It freed me up. I was very happy about that situation. I’m still very happy with playing Hinterlandt now.
Then No Mandate just felt like “Okay… I want to rock out again” *laughter*. I hadn’t rocked out for a long, long time. Most shows were just seated, or people just sitting on the floor, listening to experimental music.
Ez: It’s funny you talk about rocking out because you’re going to be playing Lazybones.
Jochen: Yeah, I know.
We thought a lot about where to play, and we’ve played at Lazybones before. You can do it. You can sweat there.
Ez: Oh, that’s easy, but currently it’s a seated venue.
Jochen: Is it still now?
Ez: I’m pretty sure.
Jochen: It should be stand up right now, as of yesterday.
Ez: Oh really?
Jochen: Yeah yeah.
Also No Mandatae, we’re not punks in the sense that we have mohawks and tattoos and throw beer bottles at people. That’s not what we’re doing.
Ez: Well I mean, what’s stopping you doing that? If it’s still seated, all the more reason to do so.
Jochen: *laughter* Yeah.
Ez: Really, the aim of energetic music is to scare the audience. At least make an impression, so…
I’ve got yet another band called Snob Club. Sort of like an off and on thing happening in Germany. It’s a three-piece band and it’s an instrumental noise rock band.
We don’t play very much because we don’t live in the same hemisphere, but if we play, the concept of the entire logic of the band is to fuck shit up, basically. From the first note until the last note, just go absolutely crazy until we almost fall apart at the end of the set.
It’s not so much in No Mandate. No Mandate is more like dance music. It’s got energy, but it’s positive, friendly, funny, enjoyable. Sometimes more happy; sometimes more sad. Loud; Sometimes not so loud. All three musicians are pretty outgoing in the other band, but that’s not really what No Mandate is setting out to do. It’s also pretty musical. There’s a lot of melodies and things like that. And there’s a dub reggae thing which is more of the slow groove thing. It’s kind of like… I don’t how how to describe it.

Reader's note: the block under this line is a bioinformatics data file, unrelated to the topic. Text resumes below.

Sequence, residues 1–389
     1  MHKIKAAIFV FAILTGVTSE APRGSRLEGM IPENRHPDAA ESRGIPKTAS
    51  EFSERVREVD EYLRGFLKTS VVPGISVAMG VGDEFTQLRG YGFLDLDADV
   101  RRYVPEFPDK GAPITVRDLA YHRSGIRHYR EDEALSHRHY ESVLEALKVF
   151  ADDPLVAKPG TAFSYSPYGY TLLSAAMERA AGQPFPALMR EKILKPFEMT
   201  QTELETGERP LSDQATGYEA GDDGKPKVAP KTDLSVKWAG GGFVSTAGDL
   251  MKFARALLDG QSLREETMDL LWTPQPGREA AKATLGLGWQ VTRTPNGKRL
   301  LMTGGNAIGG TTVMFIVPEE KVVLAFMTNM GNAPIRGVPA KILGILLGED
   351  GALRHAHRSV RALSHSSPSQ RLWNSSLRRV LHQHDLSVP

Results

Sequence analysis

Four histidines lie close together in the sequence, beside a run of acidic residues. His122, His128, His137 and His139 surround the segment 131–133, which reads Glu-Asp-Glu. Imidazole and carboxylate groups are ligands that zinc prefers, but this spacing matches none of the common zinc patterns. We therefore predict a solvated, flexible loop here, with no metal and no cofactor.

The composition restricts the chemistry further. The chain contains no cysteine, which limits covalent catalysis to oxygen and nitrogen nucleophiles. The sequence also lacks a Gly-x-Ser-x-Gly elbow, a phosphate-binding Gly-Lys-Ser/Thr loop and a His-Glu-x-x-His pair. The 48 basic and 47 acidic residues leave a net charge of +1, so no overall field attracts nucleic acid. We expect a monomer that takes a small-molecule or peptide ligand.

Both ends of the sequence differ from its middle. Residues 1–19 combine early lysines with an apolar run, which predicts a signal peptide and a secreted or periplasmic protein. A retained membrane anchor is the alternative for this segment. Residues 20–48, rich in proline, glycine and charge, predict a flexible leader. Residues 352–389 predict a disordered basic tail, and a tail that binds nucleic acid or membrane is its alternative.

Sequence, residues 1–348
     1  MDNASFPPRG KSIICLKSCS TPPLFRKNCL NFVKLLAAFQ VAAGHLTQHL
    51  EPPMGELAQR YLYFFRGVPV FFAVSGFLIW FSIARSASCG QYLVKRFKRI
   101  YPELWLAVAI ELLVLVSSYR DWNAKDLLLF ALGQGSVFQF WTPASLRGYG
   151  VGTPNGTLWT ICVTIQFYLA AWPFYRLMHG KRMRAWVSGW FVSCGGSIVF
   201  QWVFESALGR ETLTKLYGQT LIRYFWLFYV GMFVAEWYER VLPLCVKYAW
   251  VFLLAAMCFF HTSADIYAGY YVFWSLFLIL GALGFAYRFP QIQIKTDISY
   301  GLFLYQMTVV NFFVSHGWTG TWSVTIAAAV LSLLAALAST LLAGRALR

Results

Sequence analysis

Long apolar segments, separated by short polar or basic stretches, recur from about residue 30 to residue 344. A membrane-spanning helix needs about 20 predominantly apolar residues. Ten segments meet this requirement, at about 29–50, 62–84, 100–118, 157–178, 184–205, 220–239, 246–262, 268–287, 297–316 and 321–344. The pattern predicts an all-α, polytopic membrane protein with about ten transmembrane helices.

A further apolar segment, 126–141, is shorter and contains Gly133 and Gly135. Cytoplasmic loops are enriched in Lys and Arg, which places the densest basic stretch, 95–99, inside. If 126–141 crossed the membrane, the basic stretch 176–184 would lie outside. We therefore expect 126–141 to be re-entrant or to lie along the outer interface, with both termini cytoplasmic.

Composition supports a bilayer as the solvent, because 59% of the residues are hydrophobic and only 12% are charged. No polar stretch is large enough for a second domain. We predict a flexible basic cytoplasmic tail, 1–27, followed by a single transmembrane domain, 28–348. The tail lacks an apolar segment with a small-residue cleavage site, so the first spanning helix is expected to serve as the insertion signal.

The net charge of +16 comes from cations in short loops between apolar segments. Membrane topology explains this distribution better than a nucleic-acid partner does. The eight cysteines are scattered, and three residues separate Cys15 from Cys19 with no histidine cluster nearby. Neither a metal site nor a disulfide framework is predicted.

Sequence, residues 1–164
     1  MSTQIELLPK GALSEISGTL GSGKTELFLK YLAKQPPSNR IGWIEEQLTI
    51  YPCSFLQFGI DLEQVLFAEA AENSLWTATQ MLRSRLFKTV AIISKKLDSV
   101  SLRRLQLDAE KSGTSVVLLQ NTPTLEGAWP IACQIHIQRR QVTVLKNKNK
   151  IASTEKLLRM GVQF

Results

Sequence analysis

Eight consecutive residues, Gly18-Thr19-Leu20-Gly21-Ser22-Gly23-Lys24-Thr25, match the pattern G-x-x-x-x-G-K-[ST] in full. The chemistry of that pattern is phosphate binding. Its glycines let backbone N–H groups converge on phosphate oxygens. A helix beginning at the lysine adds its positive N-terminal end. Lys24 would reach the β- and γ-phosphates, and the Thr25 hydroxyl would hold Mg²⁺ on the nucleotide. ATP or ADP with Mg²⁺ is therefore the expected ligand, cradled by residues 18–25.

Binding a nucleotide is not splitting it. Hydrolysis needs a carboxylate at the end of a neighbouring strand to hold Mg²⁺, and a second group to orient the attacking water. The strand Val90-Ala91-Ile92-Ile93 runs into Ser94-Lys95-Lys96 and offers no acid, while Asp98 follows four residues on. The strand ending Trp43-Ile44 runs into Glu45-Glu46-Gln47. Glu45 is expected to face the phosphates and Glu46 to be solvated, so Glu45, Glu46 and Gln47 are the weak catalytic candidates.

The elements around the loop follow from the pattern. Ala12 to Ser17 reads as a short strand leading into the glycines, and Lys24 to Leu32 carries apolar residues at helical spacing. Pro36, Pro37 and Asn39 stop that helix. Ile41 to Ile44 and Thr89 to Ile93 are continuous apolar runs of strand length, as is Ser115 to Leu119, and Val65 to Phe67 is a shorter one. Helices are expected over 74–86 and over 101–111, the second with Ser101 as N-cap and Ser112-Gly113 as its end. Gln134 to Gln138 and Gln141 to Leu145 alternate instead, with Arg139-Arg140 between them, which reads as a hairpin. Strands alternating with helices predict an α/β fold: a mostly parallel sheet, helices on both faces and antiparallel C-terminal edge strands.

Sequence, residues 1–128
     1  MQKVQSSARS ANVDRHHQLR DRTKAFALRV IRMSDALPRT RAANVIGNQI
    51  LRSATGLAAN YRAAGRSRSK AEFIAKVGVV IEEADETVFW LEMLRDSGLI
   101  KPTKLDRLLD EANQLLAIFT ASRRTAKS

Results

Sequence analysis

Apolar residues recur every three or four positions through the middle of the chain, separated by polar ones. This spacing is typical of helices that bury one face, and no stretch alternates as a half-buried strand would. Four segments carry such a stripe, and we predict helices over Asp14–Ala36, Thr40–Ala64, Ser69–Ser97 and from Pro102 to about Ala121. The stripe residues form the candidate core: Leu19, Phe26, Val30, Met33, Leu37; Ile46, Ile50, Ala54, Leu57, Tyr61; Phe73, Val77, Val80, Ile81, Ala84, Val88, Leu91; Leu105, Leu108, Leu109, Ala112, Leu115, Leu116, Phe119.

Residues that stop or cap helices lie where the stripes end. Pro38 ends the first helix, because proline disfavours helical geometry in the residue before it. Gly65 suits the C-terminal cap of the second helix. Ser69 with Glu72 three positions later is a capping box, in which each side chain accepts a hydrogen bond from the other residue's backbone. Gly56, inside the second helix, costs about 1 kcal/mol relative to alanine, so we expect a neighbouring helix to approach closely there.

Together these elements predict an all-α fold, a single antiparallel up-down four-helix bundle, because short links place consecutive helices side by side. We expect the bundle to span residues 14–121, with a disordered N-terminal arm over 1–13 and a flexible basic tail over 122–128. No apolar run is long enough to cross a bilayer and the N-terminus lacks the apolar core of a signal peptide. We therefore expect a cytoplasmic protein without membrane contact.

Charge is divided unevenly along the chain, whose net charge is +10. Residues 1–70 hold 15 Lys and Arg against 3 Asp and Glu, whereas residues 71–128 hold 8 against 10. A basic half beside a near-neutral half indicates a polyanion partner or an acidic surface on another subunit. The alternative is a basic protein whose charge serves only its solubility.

Ez: I’m not exactly sure myself either, but I do know what you mean. Dub & reggae have a very certain feel to them and it’s not exactly what is usually perceived as a groove, but it still has a groove going on.
Jochen: It’s very interesting music rhythmically speaking. I listen to dub reggae… Pretty much only dub, not very much reggae. I don’t listen to vocal reggae very much, but dub, I’ve listened to for at least two, three decades or something. Never really played it very much, but in No Mandate it felt like…
I don’t know. I find it really similar to some of the seventies hard rock. It just feels very analogue and slow beats… I think it’s almost like Sabbath sometimes. If you’d change up some of the instrumentation, some of the grooves – these half-time grooves – are like Sabbath. Some of the vibe is like Hawkwind.
I like a lot of prog, like King Crimson, things like that of course… so that’s also an influence on No Mandate in a way, but it’s not as direct I guess.
To me it’s really strange that dub reggae and punk, hardcore, prog, noise rock for that matter, that they haven’t collided much more often. Historically-speaking it’s really strange that that hasn’t really gelled. Hardly any bands doing that.
Ez: Didn’t punk and ska come from reggae, or were at least heavily influenced by it?
Jochen: Well ska yes, around the time when The Specials started up. When the Jamaican influence in the UK happened there was a big overlap with punk and reggae. Even The Police I would say is a pretty good example of a punk reggae band when they started up.
Ez: Early Killing Joke as well.